So I’ll speak: is there an alternative course?

@Al1885 I slow down a lot, but with sloppy I mean not only SLOPPY, but also a perceived inefficient way to finger the fretboard,: I just feel that my the “motion patterns” are inefficient and random.
I finger the correct string/fret - I just don’t like how I got there and which finger I used in context of the previous and next finger!


Respectfully, I have found that this approach very much depends on the individual. Personally, it is not my experience that it is universally true.

Technique is essential to being able to play anything. Therefore, it’s not an either/or situation: learn songs or learn technique.

Classically trained musicians do both simultaneously. Granted, most aspiring bass players do not, instead tending to learn a song and “just figuring out” the technique involved.

Both approaches can work. It just depends on how a player chooses to expend time and effort.


Exactly! And I know from sports, that bad technique cannot easily be “unlearned”!

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For some songs where I’ve felt this way, I slowed WAAAAAY down (like one note per second slow) and just kept trying different approaches until I found the way that has the most economy of motion. “Oh, I intuitively do this here, but if I did it this way instead, it would be much easier. Once I teach myself to do it that way repeatedly of course.”


Exactly ^^^

I’ve been working through the book of Duck Dunn’s classic lines, which are brilliant inventions and definitely finger-twisters. I’m sure he played them as naturally as you and I breathe. But, man, do they require figuring out the most efficient fingerings!

Not only that, one song I’ve been working on is 10-pages long! I’m gonna need a page turner to ever get through it in one go. Either that, or wallpaper the room! :laughing:


I love Justin Sandercoe’s approach to teaching technique - note that he uses a strange instrument called “guitar”! If you are not a bat, you might not hear any tones in that video!

Play a D chord:

(if you’re impatient, start at 3:15)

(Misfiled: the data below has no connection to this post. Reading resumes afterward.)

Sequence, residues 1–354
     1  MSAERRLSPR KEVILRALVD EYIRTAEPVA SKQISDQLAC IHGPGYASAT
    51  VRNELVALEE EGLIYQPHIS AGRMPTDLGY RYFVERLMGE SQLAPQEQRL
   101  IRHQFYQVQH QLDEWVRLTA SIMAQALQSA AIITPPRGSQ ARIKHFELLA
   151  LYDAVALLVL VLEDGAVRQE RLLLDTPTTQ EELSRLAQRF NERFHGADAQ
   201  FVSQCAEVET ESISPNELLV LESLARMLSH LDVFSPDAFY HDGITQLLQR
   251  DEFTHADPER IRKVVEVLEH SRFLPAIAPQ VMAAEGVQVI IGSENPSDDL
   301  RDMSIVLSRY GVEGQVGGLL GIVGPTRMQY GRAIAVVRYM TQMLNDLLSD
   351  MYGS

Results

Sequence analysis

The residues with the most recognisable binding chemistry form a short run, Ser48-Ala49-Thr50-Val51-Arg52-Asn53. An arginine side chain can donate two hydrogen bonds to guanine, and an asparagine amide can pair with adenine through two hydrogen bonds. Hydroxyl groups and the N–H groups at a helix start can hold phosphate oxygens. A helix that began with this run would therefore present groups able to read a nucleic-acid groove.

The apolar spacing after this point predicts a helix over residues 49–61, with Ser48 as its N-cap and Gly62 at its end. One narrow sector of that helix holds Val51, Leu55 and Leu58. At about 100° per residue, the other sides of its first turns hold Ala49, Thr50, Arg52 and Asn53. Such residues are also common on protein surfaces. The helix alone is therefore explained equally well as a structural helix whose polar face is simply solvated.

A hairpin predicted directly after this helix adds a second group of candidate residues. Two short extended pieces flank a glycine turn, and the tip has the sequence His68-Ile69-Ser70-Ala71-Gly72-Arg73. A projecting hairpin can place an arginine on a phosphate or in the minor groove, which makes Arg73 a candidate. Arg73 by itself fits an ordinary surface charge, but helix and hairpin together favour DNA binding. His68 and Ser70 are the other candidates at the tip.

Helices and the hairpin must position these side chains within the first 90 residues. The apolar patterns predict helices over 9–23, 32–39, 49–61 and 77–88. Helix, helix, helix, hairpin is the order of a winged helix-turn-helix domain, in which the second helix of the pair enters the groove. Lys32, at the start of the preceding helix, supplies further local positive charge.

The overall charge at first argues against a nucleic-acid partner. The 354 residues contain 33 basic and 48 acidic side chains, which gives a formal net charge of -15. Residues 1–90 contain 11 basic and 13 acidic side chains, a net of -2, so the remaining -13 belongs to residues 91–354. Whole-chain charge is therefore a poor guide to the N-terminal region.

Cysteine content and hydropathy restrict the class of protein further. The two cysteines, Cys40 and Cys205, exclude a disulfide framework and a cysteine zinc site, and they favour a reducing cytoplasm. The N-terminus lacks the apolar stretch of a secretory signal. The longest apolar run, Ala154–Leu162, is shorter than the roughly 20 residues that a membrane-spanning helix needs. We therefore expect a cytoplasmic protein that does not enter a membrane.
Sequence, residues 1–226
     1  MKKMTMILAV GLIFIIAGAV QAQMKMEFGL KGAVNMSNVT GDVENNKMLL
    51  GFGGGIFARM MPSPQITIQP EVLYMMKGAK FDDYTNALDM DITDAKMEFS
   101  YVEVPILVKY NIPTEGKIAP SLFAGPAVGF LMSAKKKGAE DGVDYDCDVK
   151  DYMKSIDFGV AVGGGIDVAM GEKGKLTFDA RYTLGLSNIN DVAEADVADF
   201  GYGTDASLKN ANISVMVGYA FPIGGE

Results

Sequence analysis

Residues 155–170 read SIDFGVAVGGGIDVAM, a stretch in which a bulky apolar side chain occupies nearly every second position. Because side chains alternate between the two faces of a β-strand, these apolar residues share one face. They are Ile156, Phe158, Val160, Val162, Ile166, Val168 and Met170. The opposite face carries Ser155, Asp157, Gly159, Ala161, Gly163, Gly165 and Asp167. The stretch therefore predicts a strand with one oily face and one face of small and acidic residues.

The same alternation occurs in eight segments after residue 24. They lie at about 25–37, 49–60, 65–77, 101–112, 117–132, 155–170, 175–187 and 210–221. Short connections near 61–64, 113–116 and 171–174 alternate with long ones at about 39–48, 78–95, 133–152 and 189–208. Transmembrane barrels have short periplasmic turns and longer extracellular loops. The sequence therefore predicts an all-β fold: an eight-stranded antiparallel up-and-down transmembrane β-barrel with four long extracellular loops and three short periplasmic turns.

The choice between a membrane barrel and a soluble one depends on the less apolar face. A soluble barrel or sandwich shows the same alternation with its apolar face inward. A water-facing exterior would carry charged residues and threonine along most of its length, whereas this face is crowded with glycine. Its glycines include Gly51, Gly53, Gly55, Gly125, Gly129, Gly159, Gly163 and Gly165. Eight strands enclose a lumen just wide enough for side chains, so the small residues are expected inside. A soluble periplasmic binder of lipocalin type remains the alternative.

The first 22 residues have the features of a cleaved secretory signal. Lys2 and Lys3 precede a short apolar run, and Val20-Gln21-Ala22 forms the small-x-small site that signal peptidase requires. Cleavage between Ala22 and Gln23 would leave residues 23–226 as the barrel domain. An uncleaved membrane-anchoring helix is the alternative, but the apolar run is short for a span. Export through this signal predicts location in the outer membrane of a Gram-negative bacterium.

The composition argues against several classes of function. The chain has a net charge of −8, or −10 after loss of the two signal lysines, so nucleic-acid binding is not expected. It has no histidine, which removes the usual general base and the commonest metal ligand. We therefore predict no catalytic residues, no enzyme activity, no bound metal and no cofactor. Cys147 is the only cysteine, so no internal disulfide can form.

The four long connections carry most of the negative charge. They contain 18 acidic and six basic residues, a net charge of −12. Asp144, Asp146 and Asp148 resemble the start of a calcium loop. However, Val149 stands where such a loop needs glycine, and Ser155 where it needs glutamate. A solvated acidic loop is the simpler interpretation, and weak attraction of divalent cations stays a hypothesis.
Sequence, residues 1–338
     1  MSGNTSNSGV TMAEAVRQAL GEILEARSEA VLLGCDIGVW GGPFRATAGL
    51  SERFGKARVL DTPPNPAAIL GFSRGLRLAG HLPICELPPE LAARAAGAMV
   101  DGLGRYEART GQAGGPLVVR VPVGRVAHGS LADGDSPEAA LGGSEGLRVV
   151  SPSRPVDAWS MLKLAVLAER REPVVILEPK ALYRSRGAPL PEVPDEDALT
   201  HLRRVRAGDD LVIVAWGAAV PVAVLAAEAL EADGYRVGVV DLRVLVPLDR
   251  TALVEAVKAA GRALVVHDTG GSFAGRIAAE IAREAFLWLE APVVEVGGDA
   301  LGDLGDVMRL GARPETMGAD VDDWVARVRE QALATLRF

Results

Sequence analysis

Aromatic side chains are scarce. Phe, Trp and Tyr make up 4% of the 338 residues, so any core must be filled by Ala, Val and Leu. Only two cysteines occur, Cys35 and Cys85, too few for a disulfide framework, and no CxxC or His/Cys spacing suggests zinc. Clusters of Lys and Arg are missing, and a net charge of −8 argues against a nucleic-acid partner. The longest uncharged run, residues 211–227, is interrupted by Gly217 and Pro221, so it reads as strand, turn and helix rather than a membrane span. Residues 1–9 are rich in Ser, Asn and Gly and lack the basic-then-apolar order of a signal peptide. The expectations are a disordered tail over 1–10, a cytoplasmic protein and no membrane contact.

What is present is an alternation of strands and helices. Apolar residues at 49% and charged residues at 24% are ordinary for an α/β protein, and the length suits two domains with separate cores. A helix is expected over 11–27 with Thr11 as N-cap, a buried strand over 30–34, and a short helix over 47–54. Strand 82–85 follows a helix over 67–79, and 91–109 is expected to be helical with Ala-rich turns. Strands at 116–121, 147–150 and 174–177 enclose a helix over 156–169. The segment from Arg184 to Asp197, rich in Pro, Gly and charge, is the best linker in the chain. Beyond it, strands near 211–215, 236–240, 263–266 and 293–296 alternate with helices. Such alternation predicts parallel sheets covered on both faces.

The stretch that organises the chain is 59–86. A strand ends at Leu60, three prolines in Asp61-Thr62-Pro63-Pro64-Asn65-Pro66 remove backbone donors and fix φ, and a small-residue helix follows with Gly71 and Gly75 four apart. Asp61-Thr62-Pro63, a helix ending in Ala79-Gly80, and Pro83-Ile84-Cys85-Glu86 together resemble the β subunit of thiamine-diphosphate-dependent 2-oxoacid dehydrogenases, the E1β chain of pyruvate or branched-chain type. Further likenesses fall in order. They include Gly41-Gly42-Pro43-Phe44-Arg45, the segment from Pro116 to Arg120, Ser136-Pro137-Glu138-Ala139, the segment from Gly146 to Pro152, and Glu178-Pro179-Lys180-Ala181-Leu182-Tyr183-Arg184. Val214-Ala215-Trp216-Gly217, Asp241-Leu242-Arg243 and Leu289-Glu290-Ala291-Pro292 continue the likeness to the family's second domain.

Great changing chords example:

(if you’re impatient, start at 1:30)

Something like that would be great for bass technique. And if the teacher is like Justin, I don’t mind at all!

If it’s economy of motion needed then finger exercise and a dash of modes and scale would do wonders. It would leads to several good habits and not to mention exposure to different finger combination and choices of path.

Unfortunately, there are no set in stone rule where you have to play only what notes to play, and even that people have been known to add some spicy notes like sliding 9th-10th to many of the modes for example.

I agree. If I can go back in time I want to spend more time in theory and applied theory. That would enrich my soul so much, :innocent:

This is the way! I have chosen this path, :rofl:

*true dat!
Also reminds me about sport that schools are full of mediocres, if you want to be great you have to find your own way.

Beginners and intermediate golf is a great example to compare to bass and guitars learning. Do you want to look good, or score well. In a perfect world both of course, pick only one will reveal your path. Sadly most golfers young and old choses looking good, that’s why it takes years if not decades for them to cross their milestone, ie 100, 90, 80, 70. Gofers and bassists are very similar we are stubborn SOBs. :rofl:

Absolutely. I have wasted spent so many years on my own, trying to “just figure it out” on guitar, and I fervently wish I could have that time back to do things differently.